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Commodity currencies on the turn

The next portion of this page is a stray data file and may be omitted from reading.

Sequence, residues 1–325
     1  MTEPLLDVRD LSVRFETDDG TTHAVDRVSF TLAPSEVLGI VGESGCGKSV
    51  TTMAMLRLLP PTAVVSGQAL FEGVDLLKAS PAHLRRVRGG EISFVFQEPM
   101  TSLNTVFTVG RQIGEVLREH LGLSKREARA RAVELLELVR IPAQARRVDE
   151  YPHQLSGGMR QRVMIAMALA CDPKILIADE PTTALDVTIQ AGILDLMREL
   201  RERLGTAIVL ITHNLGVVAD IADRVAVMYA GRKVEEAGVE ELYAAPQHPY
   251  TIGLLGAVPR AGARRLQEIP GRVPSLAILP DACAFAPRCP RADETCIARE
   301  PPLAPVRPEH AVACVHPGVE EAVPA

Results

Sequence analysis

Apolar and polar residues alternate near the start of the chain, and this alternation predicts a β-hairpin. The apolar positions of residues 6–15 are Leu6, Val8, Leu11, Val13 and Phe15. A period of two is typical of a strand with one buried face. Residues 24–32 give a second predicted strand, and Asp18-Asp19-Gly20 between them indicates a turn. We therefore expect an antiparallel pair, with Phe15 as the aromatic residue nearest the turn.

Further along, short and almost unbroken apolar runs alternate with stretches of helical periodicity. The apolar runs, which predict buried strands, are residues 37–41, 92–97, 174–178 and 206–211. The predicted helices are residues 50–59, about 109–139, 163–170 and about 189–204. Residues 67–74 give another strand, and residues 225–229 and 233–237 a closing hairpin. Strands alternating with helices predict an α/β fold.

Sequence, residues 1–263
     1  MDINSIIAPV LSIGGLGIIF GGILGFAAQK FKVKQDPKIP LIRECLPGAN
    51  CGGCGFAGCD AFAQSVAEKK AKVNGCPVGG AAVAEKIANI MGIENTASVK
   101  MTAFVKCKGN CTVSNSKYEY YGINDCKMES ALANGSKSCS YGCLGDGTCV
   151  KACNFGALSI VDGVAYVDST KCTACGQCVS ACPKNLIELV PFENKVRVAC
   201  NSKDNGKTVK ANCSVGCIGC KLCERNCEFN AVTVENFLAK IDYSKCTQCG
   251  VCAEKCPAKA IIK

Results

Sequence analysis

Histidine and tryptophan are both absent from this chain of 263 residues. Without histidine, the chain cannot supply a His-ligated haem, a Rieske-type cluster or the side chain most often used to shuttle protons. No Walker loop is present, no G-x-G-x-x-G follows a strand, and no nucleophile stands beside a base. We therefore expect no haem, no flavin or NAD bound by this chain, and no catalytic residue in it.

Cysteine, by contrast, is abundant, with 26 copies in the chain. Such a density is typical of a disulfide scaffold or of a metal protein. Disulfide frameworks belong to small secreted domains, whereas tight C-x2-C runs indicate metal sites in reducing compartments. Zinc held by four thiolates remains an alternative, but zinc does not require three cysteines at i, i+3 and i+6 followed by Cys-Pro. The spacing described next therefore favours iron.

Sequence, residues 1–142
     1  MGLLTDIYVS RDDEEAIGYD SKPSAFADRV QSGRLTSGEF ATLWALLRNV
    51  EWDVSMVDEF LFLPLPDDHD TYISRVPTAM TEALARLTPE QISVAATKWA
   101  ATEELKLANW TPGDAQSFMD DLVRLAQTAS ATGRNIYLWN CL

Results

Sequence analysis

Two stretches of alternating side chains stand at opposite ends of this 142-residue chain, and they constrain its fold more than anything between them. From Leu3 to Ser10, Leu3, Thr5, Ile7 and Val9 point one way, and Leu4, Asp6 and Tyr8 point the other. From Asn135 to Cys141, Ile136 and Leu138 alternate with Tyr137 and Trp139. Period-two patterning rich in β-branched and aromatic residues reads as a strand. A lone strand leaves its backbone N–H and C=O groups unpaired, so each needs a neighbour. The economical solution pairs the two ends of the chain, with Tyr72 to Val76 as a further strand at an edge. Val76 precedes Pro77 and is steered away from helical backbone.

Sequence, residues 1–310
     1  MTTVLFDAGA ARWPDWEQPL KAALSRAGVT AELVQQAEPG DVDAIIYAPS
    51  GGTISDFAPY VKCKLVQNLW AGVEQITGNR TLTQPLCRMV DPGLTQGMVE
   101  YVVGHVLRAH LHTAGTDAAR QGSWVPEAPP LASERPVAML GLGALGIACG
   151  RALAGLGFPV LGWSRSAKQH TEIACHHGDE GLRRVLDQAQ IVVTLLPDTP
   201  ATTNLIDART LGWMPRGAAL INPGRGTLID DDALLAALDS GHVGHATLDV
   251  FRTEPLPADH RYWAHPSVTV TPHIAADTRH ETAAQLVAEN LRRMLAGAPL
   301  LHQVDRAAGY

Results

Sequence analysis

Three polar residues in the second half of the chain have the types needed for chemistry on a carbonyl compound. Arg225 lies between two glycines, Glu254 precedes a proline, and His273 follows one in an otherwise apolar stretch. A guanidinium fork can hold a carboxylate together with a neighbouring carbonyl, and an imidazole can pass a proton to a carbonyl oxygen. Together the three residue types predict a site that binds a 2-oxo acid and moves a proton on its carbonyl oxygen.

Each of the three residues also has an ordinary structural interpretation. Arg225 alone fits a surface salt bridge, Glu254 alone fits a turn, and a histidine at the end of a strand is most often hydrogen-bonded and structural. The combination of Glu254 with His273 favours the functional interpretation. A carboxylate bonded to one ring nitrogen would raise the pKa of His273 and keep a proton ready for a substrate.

<div>OVER the past fortnight, risk aversion has returned with a vengeance as a string of data &ndash; including US unemployment figures and a downward revision to UK first quarter GDP &ndash; disappointed the markets. Foreign exchange markets have reacted predictably with both the US dollar and the Japanese yen strengthening markedly against the commodity currencies.<br /><br />With the advent of quantitative easing in many of the world&rsquo;s major economies, there were increasing fears of inflation. Commodity markets were used as a hedge against rampant rising prices in the future, which benefited currencies such as the Australian dollar (Aussie) and the New Zealand dollar (the Kiwi), which also did well because of their relatively high interest rates. What&rsquo;s more, in a risky market environment, both the Aussie and the kiwi tend to flourish.<br /><br />But risk appetite ebbs and flows depending on the tone of data releases, and after the rally in equity markets, a retracement was always on the cards.<br /><br />BNP Paribas currency strategists recommended going long on commodity currencies back in March &ndash; a basket of Australian dollar, New Zealand dollar and Canadian dollar against the US dollar would have gained 25 per cent &ndash; but they say that this trade now has not only little value left but it may even reverse.<br /><br />Both of these commodity currencies are highly correlated because they are such close neighbours and are tightly linked. Australia exports large quantities of raw materials and is heavily dependent on developments in China. New Zealand will benefit from any resulting boost to Australia. George Tchetvertakov, head of market research at Alpari UK, says that when trading the Antipodean currencies it is more important than ever for retail forex traders to keep an eye on Chinese figures and speeches.<br /><br /><strong>RATE CUT<br /></strong>If China continues to grow at a steady rate &ndash; even now it is expected to grow at 5-7 per cent per annum &ndash; then this will give some support at least to the Australian and New Zealand dollars. However, the Reserve Bank of Australia yesterday said that there was the risk of an interest rate cut in the longer-term and that it would be willing to reduce rates further if needed. Tchetvertakov says that if the global economic situation does get worse then everybody is now going to focus on selling the Australian dollar.<br /><br />If you were looking to take advantage of the risk aversion currently gripping the markets, then you would look to sell the Australian and New Zealand dollars against the greenback or the Japanese yen. While US dollar pairs have&nbsp;advantages in that they are highly liquid, yen pairs are notoriously volatile and can offer the short-term trader some large daily moves.<br /><br />Although the Aussie and the Kiwi are normally highly correlated, there has been talk recently that the two currencies might go through a short-term dissociation because of the unusually large value of New Zealand bond maturities this month &ndash; some NZ$4.6bn worth of uridashi (bonds issued in Japan in non-yen currencies) and eurokiwi bonds mature in July, compared to the usual NZ$1-1.2bn redemptions.<br /><br />Barclays Capital and Australian bank ANZ have highlighted the potential influence on the Kiwi arising from big bond redemptions in July. ANZ said that the New Zealand currency may face some headwinds due to the large amounts of maturities this month.<br /><br />&ldquo;New Zealand yields may still be attractive relative to Japan&rsquo;s but not as attractive as Australia&rsquo;s,&rdquo; it said.<br /><br />This would see the New Zealand dollar fall against the Australian dollar in the short-term at least, opening up a potentially very profitable trade in shorting the Kiwi against the Aussie. However, because the pair is less liquid than the majors, this is a very volatile and risky trade. With fears of a double-dip recession widespread, risk aversion could become entrenched and this would be to the detriment of the Aussie and the Kiwi.</div>